After a school shooting, what can we do with our pain?

By Emily James

I was laying on my back facing the ceiling in a 105 degree hot room while the students of Uvalde, Texas were being murdered. There was a pattern on the wood grain next to the light fixture that looked like a man’s face. I squinted just to be sure—looked around at the knots in the nearby wood and then back—and it was still there: the shape of a man. I was on my lunch break from work and had just finished a 45-minute moving mediation. I did not yet know what was happening at that very moment. I thought of my daughter, a fourth grader, and what she was doing. I pictured her at her desk, her rainbow-colored folders stacked one on top of the other. I did not yet know that those 19 children and their teacher had been shot, were bleeding out over their desks with pencil doodles scribbled on top, with their shoelaces tied and hanging limp as their bodies. The sweat dripped from my ear down to the side of my neck and onto my pink mat on the floor.

I wonder what the parents of those 19 children were doing in those same seconds. If for the rest of their lives, whatever it was is something they can never bring themselves to do again. Watering a plant on the front step, leaning down to pull the yellowing branches. Staring into a mirror and taking a tweezer to the stray dark hairs along their brow. Waiting in line to checkout at the grocery store, deciding between milks. Taking a nap.


When I pray, I usually pray for the world, my former student texts me when I tell him I can’t stop thinking about the children in Texas. He means it from deep. He is 28 now, and just enrolled in trade school yesterday, called to tell me how excited he was. He’s going to become a plumber and then start his own business. I’m out of the classroom a few years now, but I miss teaching so much. Being with those kids was the opposite of loneliness. All the things the world made me feel and wonder would vanish when I was with them inside that room. They brought me to life with their questions and their arguments and their annoyance. For fourteen years I knew that when I arrived at my school building each morning, as exhausted as I was, whatever I felt would quickly become insignificant next to all these young bodies and the feelings they felt. And that is exactly what I needed.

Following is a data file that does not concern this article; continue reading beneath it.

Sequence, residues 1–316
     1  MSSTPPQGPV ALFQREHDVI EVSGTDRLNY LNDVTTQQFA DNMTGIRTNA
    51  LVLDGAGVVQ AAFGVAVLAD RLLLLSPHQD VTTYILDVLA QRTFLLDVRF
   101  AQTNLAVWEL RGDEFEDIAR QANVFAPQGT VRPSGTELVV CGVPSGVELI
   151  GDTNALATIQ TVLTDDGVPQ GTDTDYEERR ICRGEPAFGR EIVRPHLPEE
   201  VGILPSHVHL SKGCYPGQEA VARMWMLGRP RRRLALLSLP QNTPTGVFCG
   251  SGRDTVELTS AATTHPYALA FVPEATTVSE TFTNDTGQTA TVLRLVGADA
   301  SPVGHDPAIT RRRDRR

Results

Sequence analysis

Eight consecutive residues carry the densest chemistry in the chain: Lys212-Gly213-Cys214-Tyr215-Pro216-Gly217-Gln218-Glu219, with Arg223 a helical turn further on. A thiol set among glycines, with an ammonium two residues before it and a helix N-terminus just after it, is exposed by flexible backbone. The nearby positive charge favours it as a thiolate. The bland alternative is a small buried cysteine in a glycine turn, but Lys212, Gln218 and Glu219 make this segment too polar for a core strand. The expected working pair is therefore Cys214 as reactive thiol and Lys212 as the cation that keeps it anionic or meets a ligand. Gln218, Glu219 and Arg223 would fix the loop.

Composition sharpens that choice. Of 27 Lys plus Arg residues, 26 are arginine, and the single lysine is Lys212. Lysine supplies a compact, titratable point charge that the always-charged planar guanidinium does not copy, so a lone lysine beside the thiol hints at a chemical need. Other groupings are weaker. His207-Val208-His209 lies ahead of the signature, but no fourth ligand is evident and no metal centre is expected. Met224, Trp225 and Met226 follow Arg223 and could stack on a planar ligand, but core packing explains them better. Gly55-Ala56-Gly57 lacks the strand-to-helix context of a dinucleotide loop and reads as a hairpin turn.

Even during our lockdown drills, after chart papering the glass on the door, I was usually more focused on trying to convince the kid who was making jokes to get back in line. Being around the kids, I didn’t feel fear, or what many describe as a sadness during these drills. Their energy had a way of making me feel like we were invincible. We weren’t.

I am running out of fingers on my hands to count the students I’ve lost to gun violence throughout my career. Inside of their cars through the window, outside of a late night food spot, walking on the sidewalks under streetlights that just flickered on. Sometimes caught by surveillance videos that I cannot bring myself to watch. They are not shot inside of schools, and not all at once, but their lives are taken just the same. There have been more shootings this year than there are days of the year. We live in a city where guns are practically as easy to get as a Mr. Softee cone from the truck. But that feeling of invincibility as they’d smack each other’s shoulders and say “Shut Up,” as they passed lip gloss back and forth, that’s the feeling they hold on to. They know more than most—that it’s the feeling they deserve.


My daughter is in fourth grade. She stands sideways and looks at her profile in the mirror—she is just beginning to have a pulse on her body, what its shape means, how it’s shifting. She sticks socks inside her bra sometimes and comes to talk to me, her mouth curved, waiting for me to notice.

She was three weeks old when Sandy Hook happened. I held her on my lap and watched the footage on TV, looked down at her squinty eyes, her expressionless mouth, and didn’t think of her as a schoolchild. Truthfully, I didn’t yet think of myself as a mom. The President took a step back from his podium to wipe his tears. She wasn’t able to ask any questions as she nursed, as she cried. I could absorb the horrors of the world on my own and keep her sitting on the pillow that clipped around my waist, feeding her until she fell asleep.